ANCHORAGE, Alaska - As the Republicans on next Tuesday's ballot snipe, bicker and fight their way toward the Senate primary, some are worried their candidate — no matter who it might be — will emerge too weakened to defeat Democratic Sen. Mark Begich.
In some ways, the same schisms dividing establishment Republicans from the party's ultraconservative tea party wing in the rest of the country are playing out in Alaska.
Former state attorney general and natural resources commissioner Dan Sullivan has the backing of major Republican donors and Washington-based power brokers. Sullivan, who worked for the State Department in the George W. Bush administration, is the target of populist, socially conservative broadsides from tea party favourite Joe Miller, who pulled off a surprise upset of Republican Sen. Lisa Murkowski in state's 2010 primary, only to see her win the general election in an historic write-in campaign.
Should Miller lose on Tuesday, Republicans are worried he could again mount a third-party bid and effectively hand the election to Begich. Miller has largely denied that's in his plans.
The establishment-tea party divide is magnified in the nation's geographically largest state, which may be its smallest politically, with fewer than 500,000 people registered to vote.
It's the sort of place where Miller might campaign by waving campaign signs at passing cars with a group of volunteers, as he did Monday, not far from where Sullivan's daughters and a clutch of Treadwell supporters had just done the same.
Miller is still smarting over 2010 and blames the state's political establishment for his loss to Murkowski.
Marc Hellenthal, a pollster in Anchorage not working for any of the candidates, said the broadsides are paid for by the first-ever influx of outside cash into Alaska. Both Sullivan and Begich are backed by outside money that can gobble up airtime in the sparsely populated state, where television and radio airtime is cheap.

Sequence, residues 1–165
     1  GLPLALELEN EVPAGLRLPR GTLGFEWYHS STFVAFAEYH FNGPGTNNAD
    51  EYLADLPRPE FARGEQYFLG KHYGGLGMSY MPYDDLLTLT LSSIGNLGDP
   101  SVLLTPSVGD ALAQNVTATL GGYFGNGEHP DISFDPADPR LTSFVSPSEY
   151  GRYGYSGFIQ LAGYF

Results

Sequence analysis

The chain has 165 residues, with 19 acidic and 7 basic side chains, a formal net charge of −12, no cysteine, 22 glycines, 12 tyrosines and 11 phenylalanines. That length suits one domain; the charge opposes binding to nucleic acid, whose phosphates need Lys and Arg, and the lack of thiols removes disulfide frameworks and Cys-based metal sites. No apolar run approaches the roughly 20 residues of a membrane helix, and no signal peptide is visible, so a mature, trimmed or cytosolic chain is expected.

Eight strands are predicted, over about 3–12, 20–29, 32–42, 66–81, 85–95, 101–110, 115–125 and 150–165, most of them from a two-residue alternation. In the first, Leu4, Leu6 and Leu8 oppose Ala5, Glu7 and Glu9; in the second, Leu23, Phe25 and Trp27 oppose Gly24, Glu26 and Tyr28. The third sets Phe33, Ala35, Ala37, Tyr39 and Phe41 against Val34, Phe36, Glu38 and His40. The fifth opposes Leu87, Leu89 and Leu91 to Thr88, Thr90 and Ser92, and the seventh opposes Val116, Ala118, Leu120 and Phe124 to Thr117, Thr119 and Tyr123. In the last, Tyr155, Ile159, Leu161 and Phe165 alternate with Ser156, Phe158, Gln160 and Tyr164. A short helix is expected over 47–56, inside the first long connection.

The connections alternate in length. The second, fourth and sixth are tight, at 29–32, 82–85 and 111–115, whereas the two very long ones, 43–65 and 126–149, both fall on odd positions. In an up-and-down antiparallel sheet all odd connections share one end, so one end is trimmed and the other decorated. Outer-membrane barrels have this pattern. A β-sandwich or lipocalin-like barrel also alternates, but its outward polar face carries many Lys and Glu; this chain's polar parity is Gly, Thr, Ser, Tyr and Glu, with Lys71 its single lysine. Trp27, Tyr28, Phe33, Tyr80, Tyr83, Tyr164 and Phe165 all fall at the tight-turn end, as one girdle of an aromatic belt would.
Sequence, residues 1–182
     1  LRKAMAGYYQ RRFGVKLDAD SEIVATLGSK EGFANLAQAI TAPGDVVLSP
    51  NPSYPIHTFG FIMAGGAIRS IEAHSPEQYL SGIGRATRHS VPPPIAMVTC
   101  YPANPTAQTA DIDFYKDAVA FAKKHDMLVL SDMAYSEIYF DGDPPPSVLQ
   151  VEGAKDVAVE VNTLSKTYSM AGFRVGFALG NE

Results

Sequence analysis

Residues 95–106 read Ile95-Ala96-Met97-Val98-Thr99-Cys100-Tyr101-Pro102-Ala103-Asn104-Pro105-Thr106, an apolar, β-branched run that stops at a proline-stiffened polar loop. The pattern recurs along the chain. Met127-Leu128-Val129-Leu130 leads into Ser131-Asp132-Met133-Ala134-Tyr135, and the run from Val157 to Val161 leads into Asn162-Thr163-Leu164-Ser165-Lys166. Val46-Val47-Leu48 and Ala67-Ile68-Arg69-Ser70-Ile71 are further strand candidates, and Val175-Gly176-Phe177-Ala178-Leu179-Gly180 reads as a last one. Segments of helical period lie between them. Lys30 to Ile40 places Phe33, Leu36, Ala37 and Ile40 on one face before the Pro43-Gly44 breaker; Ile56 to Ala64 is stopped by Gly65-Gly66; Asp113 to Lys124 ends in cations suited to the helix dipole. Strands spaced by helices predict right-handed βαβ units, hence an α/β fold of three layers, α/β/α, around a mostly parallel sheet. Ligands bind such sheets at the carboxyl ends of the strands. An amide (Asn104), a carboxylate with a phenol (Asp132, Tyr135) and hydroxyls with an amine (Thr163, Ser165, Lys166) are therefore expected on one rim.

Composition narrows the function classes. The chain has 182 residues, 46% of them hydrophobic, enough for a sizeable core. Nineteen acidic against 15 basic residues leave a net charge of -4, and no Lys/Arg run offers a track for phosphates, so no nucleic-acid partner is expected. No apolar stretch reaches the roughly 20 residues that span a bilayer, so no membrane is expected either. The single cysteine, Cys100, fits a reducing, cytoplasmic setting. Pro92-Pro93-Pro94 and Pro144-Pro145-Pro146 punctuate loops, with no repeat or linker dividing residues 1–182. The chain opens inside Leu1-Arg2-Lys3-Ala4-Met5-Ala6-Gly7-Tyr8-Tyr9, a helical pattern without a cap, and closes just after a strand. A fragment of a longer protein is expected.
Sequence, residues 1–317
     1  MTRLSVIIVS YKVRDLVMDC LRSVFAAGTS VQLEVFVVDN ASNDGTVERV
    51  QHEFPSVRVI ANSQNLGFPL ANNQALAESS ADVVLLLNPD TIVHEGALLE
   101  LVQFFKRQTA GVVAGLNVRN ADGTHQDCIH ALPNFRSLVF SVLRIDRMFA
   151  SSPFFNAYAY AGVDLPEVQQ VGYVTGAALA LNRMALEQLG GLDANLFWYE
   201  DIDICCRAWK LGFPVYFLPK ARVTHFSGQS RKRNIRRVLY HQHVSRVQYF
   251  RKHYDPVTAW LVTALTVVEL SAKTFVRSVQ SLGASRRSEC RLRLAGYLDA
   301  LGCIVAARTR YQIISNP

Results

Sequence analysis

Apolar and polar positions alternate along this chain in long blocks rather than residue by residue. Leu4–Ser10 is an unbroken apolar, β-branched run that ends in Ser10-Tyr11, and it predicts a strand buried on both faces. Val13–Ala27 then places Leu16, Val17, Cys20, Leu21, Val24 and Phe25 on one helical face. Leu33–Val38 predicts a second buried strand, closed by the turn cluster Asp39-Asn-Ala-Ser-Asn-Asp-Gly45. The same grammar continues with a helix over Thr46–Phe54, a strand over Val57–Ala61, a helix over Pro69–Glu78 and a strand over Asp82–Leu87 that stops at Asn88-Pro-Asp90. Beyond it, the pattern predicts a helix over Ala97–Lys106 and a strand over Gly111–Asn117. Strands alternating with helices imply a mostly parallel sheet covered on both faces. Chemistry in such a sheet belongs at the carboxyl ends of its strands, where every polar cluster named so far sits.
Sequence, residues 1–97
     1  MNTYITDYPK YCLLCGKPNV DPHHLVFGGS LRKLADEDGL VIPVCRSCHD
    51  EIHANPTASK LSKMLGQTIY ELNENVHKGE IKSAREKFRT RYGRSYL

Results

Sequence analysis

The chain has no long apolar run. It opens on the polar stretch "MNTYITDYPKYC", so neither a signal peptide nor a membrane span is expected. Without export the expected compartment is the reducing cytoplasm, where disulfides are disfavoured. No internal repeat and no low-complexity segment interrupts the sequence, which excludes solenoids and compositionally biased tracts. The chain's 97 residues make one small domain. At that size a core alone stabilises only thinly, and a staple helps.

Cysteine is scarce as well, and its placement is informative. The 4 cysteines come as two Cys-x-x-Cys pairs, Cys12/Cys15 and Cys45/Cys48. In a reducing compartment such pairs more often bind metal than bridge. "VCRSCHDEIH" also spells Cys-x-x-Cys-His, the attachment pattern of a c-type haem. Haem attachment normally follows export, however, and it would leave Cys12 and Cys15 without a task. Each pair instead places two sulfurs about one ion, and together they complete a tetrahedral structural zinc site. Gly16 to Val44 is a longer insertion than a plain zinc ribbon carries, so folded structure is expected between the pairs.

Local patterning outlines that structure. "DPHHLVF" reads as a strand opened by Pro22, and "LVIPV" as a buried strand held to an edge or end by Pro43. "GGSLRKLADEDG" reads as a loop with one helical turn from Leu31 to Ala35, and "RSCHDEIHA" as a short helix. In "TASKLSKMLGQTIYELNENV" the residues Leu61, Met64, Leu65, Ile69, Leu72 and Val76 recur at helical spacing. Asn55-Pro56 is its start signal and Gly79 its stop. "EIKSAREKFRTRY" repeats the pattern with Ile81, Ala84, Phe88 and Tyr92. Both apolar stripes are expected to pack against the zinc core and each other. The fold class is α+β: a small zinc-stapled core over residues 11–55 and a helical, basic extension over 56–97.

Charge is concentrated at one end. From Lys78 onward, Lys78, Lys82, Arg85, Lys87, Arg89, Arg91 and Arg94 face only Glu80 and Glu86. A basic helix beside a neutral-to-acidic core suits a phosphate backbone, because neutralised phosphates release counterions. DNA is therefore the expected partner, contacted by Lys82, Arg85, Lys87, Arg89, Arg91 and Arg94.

"This is our most intense primary ever," he said.
The attacks have driven up negative perceptions of Sullivan and tied Treadwell to deeply conservative stances, such as opposition to abortion in cases of rape or incest, that could haunt him in a race against Begich.
Waiting for whoever survives is Begich, who has spent much of the past six months softening up Sullivan with ads attacking him as a carpetbagger. The first-term incumbent narrowly won the 2008 election against Republican Sen. Ted Stevens, who spent most of the campaign fighting corruption charges.
Despite Alaska's partisan record — the state hasn't voted for a Democratic presidential candidate since 1964 and Begich is the only Democratic statewide office holder — national Democrats are increasingly confident about his chances.
Associated Press writers Becky Bohrer and Nicholas Riccardi contributed to this report.
Follow Becky Bohrer on Twitter at https://twitter.com/beckybohrerap and Nicholas Riccardi at https://twitter.com/NickRiccardi /
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